I really hate giving mea culpas. Just ask the partners of
this law firm; or my wife! It therefore struck me like a Monday
morning insurer's audit when I realized that the Supreme Court
of Canada had recently meddled in, and reversed, a decision that I
commented favourably upon in this Newsletter just over a year
In our Winter 2011 edition, I wholeheartedly embraced the
Ontario Court of Appeal's decision in R. v. Nedelcu
(2011), 7 M.V.R. (6th) 10 and suggested that this
well-reasoned judgment provided the green light for civil litigants
to stop delaying their lawsuits because of a fear that the
tortfeasor/accused might somehow have their examination for
discovery evidence turned against them at a subsequent criminal
At the time, I remarked that the Court of Appeal's decision
made sense from a review of s. 13 of the Charter of Rights and
Freedoms (i.e., the right against self-incrimination)
and of the "deemed undertaking rule" in the Rules of
Civil Procedure. It more importantly also encouraged our
slow-as-molasses civil litigation process to pick up the pace as
parties would no longer be at the mercy of waiting for an outcome
from the similarly snail-paced criminal justice system. All of that
advice is now, quite unfortunately, out the window.
A brief reminder of the facts: Nedelcu consumed alcohol before
taking a passenger on his motorcycle and severely injuring him in
an ensuing accident. Nedelcu was sued civilly and charged
criminally. At his examination for discovery, he deposed that he
did not have any memory of the events leading up to the accident
whereas at the later trial, he testified the opposite. Through some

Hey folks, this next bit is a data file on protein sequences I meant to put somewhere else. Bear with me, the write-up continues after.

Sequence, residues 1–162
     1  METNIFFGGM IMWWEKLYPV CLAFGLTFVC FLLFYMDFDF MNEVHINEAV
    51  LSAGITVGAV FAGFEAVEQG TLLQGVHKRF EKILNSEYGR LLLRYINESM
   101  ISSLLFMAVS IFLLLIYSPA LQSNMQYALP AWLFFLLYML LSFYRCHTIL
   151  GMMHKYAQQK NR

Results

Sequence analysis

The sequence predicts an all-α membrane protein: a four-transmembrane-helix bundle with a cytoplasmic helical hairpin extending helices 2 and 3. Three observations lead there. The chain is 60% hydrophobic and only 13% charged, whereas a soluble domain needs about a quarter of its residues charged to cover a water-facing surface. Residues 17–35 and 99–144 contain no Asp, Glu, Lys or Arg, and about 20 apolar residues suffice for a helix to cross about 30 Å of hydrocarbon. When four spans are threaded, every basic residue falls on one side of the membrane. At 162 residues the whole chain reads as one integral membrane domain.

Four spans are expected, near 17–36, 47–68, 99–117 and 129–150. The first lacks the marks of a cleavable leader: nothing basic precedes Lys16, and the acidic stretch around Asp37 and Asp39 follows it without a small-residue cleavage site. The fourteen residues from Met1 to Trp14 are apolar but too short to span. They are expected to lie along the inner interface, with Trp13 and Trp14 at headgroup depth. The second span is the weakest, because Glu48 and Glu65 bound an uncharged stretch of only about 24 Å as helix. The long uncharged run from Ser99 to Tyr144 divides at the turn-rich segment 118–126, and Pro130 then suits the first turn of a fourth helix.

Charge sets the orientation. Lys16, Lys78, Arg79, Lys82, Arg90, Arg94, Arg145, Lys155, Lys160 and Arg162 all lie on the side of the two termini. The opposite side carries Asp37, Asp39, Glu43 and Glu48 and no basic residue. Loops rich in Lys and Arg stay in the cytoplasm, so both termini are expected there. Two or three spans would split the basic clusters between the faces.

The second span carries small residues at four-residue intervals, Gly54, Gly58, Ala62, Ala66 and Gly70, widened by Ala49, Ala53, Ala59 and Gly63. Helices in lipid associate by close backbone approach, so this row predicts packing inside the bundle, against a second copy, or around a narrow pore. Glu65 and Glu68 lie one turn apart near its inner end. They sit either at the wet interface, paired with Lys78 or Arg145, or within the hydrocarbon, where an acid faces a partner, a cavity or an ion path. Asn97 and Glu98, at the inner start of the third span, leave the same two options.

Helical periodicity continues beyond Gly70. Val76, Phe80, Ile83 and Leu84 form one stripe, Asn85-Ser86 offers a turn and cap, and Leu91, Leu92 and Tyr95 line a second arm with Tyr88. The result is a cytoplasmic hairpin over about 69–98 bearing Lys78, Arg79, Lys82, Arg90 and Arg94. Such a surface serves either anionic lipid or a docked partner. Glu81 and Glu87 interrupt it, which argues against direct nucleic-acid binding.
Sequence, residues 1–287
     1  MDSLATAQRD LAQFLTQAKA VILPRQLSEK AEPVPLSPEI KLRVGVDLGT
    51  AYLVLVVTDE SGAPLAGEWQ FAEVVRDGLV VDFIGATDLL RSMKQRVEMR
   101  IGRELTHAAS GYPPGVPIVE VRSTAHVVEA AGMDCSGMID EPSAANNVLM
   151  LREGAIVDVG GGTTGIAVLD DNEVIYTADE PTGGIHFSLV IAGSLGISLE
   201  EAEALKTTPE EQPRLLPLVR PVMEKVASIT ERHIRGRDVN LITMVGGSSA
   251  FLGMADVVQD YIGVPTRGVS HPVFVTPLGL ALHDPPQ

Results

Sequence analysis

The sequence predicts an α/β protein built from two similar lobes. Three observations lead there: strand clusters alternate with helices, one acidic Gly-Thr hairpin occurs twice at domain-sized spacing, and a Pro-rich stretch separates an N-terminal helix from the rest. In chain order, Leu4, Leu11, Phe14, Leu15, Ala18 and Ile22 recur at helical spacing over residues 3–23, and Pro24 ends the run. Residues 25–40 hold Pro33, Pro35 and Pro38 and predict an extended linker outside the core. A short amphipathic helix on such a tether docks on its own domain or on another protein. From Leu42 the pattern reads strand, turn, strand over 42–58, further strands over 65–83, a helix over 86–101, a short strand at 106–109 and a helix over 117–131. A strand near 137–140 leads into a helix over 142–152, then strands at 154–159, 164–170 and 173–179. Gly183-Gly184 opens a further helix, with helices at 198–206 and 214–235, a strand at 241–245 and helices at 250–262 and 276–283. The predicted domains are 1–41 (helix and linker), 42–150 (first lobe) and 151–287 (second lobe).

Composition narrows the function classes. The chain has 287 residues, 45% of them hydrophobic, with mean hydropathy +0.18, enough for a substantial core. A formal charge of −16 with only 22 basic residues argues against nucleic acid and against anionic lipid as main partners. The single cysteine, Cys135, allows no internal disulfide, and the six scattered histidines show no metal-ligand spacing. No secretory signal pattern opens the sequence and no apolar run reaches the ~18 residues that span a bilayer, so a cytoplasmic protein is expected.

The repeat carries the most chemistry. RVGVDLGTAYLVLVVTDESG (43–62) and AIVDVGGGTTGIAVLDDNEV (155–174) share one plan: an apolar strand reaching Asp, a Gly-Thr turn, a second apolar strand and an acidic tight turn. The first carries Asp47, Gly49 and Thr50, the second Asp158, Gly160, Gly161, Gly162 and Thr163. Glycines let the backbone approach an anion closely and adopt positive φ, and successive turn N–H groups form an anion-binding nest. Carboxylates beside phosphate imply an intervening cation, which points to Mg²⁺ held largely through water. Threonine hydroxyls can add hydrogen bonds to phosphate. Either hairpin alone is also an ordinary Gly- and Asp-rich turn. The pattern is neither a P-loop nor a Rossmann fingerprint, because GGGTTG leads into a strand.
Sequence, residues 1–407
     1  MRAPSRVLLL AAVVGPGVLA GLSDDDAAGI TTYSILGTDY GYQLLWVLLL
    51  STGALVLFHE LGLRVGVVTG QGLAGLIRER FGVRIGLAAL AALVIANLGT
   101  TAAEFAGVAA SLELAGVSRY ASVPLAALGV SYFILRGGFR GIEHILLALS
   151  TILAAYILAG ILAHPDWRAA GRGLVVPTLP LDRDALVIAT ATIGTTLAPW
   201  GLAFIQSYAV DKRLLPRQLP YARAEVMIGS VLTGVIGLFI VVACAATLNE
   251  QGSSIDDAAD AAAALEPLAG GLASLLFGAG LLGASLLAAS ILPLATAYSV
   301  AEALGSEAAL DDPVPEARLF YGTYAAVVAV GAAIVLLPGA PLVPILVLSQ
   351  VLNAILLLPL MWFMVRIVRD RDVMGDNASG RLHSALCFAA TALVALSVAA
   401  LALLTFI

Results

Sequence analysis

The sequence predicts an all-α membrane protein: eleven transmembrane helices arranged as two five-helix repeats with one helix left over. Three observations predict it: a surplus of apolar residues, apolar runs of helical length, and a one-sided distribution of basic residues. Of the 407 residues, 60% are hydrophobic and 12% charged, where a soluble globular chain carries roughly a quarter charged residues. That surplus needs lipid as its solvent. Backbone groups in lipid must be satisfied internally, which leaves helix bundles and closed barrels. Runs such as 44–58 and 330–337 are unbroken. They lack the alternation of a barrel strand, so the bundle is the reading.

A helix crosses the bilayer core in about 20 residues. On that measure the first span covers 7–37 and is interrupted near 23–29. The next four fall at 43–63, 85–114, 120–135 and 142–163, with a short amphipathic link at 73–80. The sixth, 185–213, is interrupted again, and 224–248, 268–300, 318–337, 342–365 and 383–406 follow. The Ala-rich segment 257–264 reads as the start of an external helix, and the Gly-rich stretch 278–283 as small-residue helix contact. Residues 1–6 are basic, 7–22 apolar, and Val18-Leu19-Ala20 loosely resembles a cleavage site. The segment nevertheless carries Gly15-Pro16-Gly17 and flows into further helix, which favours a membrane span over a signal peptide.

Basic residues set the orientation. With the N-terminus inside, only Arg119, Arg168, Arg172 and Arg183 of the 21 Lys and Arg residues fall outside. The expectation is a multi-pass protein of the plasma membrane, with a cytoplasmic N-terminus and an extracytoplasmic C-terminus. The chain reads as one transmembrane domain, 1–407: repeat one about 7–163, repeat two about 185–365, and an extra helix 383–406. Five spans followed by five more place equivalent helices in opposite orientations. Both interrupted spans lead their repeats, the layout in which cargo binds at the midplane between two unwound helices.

dubious route, the transcript from that earlier discovery became
available at the criminal trial and was used, in part, to convict
Nedelcu. The Court of Appeal reversed the conviction on account of
the law described above.
The Supreme Court provided the final word on this case in its
late 2012 judgment that was split 6-3. Moldaver J., for the
majority, in my respectful submission, tiptoed around the wording
of s. 13 of the Charter in order to justify restoring the
original conviction at trial.
Specifically, the majority of justices created a distinction
between "incriminating" and "non-incriminating"
evidence when considering the scope of the Charter's
protections against being compelled to provide evidence against
one's self. As the discovery transcript in this case was only
used to impeach Nedelcu's credibility at trial, and was not
used to bolster the Crown's substantive case against him, these
justices found that no constitutional rights had been violated.
The majority went on to propose that trial judges will have
little difficulty distinguishing between "incriminating"
and "non-incriminating" evidence when determining what
compelled civil evidence should be permitted in criminal
proceedings. That is an amusing comment considering how much ink
was spilt over the past half-century over the interpretation of
"but for" in tort cases.
The minority, per LeBel J., quite correctly pointed out that the
distinction raised is a superficial one that will only confuse and
delay trials. The minority also pointed out that the proper course
for dealing with those who lie under oath is not to compromise the
well-founded principles of our constitution, but rather to initiate
separate criminal perjury charges.
The take home message? First, I still hate giving mea
culpas. Second, insurance counsel and adjusters alike should
once again be cautious about providing their insureds for discovery
while criminal charges are ongoing. To do otherwise would risk
short-selling the insured who, it must be recalled, is owed a duty
of loyalty by the insurer and its chosen counsel.
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In Irwin v. Alberta Veterinary Medical Association, 2015 ABCA 396, the Alberta Court of Appeal found that the "ABVMA" failed to afford procedural fairness to a veterinarian undergoing an incapacity assessment.
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